You knew the smackdown was coming. When Guy Fieri — the Food Network personality and “Diners, Drive-Ins and Dives” host — got so popular as to host a network TV game show and open a three-level, 500-seat mega restaurant in Times Square, the backlash was inevitable.
Food snobs, of course, have never really taken Guy all too seriously. There’s the frosted hair, the rock ‘n’ roll attitude, his inner “bro” that he liberally lets escape on our TVs and the fact that he’ll put something called Donkey Sauce on a menu.
So when the New York Times’ Pete Wells unleashed a stinging zero-star of review of Guy’s American Kitchen & Bar under the headline, “As not seen on TV,” he was putting into words that a lot of people had been thinking for a few years now. Since last night, it’s zoomed around the web and was even a chatter item on “Good Morning America” today.
Here are a few choice quotes:
What exactly about a small salad with four or five miniature croutons makes Guy’s Famous Big Bite Caesar (a) big (b) famous or (c) Guy’s, in any meaningful sense?
New York Times critic Ben Brantley loved Fresno’s favorite Broadway star, Audra McDonald, in the out-of-town tryout of the new adaptation of “The Gershwins’ Porgy and Bess” that opened last fall. In his review of the Broadway production, which opened Thursday night, he went positively weak-kneed:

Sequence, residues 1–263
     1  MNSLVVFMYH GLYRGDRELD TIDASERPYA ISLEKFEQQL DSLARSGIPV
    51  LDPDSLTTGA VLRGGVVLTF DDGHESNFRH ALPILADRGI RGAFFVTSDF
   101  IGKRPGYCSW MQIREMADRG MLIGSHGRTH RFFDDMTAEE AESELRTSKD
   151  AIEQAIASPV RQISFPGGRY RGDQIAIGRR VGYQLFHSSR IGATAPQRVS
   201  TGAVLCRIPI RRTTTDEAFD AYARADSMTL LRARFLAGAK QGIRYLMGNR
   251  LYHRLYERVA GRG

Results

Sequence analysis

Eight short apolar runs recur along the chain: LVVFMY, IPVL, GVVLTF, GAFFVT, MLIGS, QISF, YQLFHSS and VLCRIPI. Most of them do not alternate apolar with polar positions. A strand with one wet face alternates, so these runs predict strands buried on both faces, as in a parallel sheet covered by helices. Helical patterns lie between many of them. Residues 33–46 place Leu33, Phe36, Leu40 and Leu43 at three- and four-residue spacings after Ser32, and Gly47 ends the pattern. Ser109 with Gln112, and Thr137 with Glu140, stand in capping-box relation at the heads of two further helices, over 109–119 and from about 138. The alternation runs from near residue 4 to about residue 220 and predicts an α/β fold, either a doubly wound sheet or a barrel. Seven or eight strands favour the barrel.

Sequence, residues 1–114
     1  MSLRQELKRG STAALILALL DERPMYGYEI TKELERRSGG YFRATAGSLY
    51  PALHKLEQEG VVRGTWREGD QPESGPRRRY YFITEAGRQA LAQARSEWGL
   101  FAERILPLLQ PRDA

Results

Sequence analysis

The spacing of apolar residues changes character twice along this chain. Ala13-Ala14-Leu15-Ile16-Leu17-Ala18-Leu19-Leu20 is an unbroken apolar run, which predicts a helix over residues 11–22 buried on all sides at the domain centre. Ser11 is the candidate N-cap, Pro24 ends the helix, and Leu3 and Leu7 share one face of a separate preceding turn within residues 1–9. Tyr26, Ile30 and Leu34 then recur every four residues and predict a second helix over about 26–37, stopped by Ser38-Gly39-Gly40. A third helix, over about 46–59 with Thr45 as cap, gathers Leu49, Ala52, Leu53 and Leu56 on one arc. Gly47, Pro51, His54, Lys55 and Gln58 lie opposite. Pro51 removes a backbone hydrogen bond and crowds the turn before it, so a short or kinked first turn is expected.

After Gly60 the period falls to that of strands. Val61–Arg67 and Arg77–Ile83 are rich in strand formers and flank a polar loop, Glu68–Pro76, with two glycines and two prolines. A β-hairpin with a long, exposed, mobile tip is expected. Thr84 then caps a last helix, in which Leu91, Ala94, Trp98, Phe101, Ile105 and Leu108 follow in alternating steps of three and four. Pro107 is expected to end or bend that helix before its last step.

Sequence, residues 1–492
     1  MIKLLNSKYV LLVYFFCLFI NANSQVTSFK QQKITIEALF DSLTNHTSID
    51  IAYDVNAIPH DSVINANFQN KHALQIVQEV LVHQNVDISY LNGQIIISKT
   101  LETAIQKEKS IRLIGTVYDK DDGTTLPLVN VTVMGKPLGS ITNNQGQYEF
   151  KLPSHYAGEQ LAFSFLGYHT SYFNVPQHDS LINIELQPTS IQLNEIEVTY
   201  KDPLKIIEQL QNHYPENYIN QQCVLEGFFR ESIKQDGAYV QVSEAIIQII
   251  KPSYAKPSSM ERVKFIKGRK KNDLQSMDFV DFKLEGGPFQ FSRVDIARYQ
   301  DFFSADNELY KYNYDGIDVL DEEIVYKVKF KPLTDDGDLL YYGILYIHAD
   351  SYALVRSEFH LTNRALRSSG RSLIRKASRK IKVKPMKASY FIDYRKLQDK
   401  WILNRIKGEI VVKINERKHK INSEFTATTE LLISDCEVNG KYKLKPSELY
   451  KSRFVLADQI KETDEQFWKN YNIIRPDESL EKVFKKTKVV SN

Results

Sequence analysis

But suddenly an elemental force takes possession of the stage, and its tremors course through the audience.That’s the storm raging within a woman who’s tearing herself to pieces before our eyes, fighting with her infernal attraction to a man she knows she should be fleeing. For devastating theatrical impact, it’s hard to imagine any hurricane matching the tempest that is the extraordinary Audra McDonald’s Bess at the moment she is reunited with her former lover, Crown, played by Phillip Boykin.
As for the rest of the show: Brantley thinks it’s “just pretty good.” But as for Audra, she’s great. Could this be a fifth Tony award in the making?
I don’t think of myself as one of those folks who takes offense at every Fresno slight or omission. But when the New York Times does a piece on the first phase of California’s high-speed rail project and doesn’t even mention Fresno — and even leaves it off the locator map! — it seems like something is missing.
Jesse McKinley writes: